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2010/1 Module Catalogue
Module Provider: Civil, Chemical & Enviromental Eng Short Name: SE1130
Level: HE1 Module Co-ordinator: HOWARD CM Mr (C, C & E Eng)
Number of credits: 10 Number of ECTS credits: 5
Module Availability
Autumn & Spring
Assessment Pattern

Assessment Pattern
Unit(s) of Assessment
Weighting Towards Module Mark (%)
Portfolio of drawings (assessment of learning outcomes: a, b, c, d, e)
Tests in drawing and CAD  (assessment of learning outcomes: a, b, c, d, e)
Coursework in Structural Design (assessment of learning outcomes: f, g, h. i. j. k)
2 hour Examination (assessment of learning outcomes: f, g, h. i. j. k)
Qualifying Condition(s)
A weighted aggregate mark of 40% is required to pass the module.

Module Overview
This is a level one module giving students a thorough grounding in Engineering Drawing including 2D drawing, 3D sketching and 3D geometric modelling using both pen and paper and computer systems followed by a first course in structural design with an emphasis on structural behaviour and the philosophy of design applied to simple design exercises.
Module Aims
To introduce students to simple principles in engineering drawing and general drawing and design communication. To outline requirements for drawings related to their use.
To introduce students to 3D sketching with Sketchup and 2D drawing and 3D geometric modelling using AutoCAD or Microstation.
To introduce students to the basic principles of structural design and methods of design, in particular the limit states approach.
To link knowledge of structural form, loading, structural analysis and materials behaviour to design.
To enable students to apply (simplified) design procedures to structural elements in Steel.
Learning Outcomes
The objectives are that, by the end of the module, students should be able to:
Present annotated and dimensioned drawings using orthogonal projection to describe a building structure.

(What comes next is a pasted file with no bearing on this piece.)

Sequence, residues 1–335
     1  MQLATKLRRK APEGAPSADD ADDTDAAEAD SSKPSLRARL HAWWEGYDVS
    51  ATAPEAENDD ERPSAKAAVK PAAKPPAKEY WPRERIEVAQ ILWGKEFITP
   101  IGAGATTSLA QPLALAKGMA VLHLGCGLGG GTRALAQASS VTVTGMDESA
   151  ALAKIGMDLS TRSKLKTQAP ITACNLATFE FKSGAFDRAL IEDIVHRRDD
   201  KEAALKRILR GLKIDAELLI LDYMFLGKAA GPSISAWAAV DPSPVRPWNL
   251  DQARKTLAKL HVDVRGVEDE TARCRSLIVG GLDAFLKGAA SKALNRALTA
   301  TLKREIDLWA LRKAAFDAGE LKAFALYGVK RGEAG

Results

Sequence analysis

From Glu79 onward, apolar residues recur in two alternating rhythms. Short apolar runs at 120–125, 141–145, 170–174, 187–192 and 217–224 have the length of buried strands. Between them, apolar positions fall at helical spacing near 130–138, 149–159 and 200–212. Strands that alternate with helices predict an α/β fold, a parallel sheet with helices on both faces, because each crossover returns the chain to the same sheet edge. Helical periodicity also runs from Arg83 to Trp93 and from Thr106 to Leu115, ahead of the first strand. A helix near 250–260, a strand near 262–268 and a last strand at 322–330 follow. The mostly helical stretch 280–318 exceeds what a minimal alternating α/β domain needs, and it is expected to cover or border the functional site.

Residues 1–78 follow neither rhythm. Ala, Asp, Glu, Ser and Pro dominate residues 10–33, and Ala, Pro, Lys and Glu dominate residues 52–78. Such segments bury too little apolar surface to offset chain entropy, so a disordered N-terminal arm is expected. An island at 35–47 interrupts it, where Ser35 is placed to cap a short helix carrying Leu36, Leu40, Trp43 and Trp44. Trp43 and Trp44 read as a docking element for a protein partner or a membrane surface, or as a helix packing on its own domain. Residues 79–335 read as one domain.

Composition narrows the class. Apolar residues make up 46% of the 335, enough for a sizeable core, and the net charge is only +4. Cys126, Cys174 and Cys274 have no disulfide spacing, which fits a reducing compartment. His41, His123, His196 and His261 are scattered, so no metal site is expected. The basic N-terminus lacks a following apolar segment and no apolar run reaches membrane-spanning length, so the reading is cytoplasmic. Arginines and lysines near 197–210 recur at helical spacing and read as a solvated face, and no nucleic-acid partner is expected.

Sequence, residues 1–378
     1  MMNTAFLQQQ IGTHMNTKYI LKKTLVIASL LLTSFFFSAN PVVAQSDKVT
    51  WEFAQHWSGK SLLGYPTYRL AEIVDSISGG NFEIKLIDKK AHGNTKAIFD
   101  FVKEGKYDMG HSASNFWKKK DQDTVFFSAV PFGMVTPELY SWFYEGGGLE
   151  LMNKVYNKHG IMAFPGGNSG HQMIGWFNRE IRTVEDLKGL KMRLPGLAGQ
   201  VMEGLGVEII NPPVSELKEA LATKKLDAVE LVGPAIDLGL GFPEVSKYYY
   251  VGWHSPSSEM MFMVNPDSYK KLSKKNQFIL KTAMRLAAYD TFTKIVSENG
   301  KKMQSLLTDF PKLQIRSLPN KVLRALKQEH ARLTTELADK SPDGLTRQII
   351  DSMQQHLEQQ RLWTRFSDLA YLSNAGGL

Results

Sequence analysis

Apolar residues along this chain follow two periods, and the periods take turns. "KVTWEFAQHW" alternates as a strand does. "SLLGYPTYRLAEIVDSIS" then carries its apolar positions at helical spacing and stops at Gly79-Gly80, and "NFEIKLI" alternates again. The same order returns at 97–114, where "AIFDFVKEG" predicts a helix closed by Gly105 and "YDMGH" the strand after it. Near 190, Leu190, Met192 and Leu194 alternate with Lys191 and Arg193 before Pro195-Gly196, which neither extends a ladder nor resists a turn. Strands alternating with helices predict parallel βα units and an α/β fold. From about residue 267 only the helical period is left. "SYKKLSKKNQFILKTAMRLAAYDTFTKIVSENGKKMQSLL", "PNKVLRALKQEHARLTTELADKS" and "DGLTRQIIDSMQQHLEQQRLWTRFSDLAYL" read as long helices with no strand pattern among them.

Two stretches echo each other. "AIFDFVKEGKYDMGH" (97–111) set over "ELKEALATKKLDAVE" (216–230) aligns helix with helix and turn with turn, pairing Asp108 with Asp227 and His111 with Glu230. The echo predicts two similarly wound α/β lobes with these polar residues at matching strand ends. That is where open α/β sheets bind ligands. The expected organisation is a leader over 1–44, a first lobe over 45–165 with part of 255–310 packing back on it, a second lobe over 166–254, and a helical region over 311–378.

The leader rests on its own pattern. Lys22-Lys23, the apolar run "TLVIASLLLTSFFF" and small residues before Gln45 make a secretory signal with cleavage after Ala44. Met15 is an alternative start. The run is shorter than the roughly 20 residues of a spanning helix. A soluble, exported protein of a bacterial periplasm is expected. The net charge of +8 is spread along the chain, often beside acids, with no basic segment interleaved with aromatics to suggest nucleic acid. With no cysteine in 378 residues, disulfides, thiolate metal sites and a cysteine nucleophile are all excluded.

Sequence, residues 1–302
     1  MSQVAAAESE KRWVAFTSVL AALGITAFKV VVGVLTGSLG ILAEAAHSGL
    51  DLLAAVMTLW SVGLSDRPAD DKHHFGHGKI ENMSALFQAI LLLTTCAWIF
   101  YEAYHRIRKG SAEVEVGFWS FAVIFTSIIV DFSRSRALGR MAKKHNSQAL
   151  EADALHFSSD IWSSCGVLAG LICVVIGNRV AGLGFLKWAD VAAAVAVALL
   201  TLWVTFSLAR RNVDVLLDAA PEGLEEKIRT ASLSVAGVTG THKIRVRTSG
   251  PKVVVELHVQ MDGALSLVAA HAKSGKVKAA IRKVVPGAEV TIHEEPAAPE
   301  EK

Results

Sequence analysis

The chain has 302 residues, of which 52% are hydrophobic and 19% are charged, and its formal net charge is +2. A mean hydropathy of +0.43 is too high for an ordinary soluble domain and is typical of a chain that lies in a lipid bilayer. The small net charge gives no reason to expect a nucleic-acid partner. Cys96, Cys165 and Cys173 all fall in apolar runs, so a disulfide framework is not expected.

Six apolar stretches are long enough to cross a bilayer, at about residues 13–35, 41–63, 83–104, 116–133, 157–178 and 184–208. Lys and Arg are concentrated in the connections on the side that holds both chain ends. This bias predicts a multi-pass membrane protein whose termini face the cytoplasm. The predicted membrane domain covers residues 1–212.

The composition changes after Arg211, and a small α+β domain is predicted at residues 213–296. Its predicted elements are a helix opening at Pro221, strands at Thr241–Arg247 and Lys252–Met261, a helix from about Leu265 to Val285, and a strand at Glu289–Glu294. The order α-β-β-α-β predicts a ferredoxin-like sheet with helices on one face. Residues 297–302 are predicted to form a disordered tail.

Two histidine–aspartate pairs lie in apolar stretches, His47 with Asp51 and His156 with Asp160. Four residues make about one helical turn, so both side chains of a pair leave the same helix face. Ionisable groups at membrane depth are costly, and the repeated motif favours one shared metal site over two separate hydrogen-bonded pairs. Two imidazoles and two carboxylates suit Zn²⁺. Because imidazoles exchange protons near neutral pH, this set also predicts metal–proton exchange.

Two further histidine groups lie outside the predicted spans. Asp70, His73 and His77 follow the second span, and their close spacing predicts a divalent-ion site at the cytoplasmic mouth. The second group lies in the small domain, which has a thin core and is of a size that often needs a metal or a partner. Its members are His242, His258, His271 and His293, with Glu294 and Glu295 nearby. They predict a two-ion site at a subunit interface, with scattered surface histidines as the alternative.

Set up and present isometric, oblique and perspective views of objects, in the latter case built up to give a pictorial view.
Present annotated sketches for use as a communication tool.
Sketch a simple 3D building using Sketchup.
Produce dimensioned 2D drawing in AutoCAD or Microstation.
Produce 3D geometric models in AutoCAD or Microstation.
Understand the basis of structural design and the principles of the limit state approach.
Evaluate critical load cases and the associated bending moments, shear forces, reactions etc. for practical loading conditions.
Use partial safety factors in determining design loads and design stresses.
Design the following:
·   tension and compression members in steel,
·   laterally stable steel beams in bending shear and deflection,
Appreciate the importance of connectors and their effect on design solutions.
Evaluate alternative solutions to a simple design problem and appraise their effectiveness.
Module Content
Orthographic, oblique and isometric projections. Elements of design, detailing and dimensioning. Intersections. Single and two point perspective. Sketching.
Computer based 3D sketching with Sketchup,
2D drawing and 3D geometric modelling using AutoCAD or Microstation.
The design process.
Structural form and the general behaviour of structures.
Loads and distribution of loading in structures.
Structural design methods, principally the limit state approach.
Design of simple bending, tension and compression elements in steel,
Introduction to connectors.
Methods of Teaching/Learning
Drawing: Formal teaching and tutorial classes. Coursework undertaken during self study. Small group tutorials to appraise coursework. Sketching workshop. Drawing office: 22 hours, self-study: 3 hour.
CAD: Students work through a set of self-paced lab exercises leading to a formal examination carried out on the computer. Labs: 12 hours, independent learning: 13 hours. 
Design: 20 hours lectures, 10 hours tutorial classes and 20 hours independent learning. Total student learning time 50 hours.
Selected Texts/Journals
Course notes, which include references to general technical drawing texts suitable for students unfamiliar with drawing work.
Textbooks specifically related to the preparation of civil engineering drawings such as:
Thomas, MV (1982) “A Guide to the Preparation of Civil Engineering Drawings” Macmillan, ISBN 0 333 326997.
Jude DV (1983) “Civil Engineering Drawing” 2nd ed., Granada ISBN 0 246 22752 4.
ElSheikh, A (1995) “An Introduction to Drawing for Civil Engineers” McGraw Hill, ISBN 0 07 709050 0.
The lab sheets can be used as a simple user manual.
Yarwood A, “Introduction to AutoCAD 2007 2D and 3D Design” Newnes 2007, ISBN 0 7506 8154 3
Required reading: Course notes and worked examples.
Recommended background reading:
Gordon JE, Structures or Why Things Don’t Fall Down, Penguin, 1991. (ISBN 01401 36282)
Salvadori M, Why buildings stand up – the Strength of Architecture, W W Norton & co., New York/London 2002. (ISDN 03933 06763)
Salvadori M and Levy M, Why Buildings Fall Down, W W Norton & Co., New York/London, 1992. (ISBN 03930 33562)
Dowling PJ, Knowles PR and Owens GW (eds), Structural Steel Design, Butterworths, London, 1988. (ISBN 04080 37172)
Arya C., Design of Structural Elements, 2nd ed, Spon Press, 2003. (ISBN 04152 68443)
Seward D, Understanding Structures – Analysis, Materials, Design, 3rd ed, Palgrave Macmillan, 2003. (ISBN 03339 73860)
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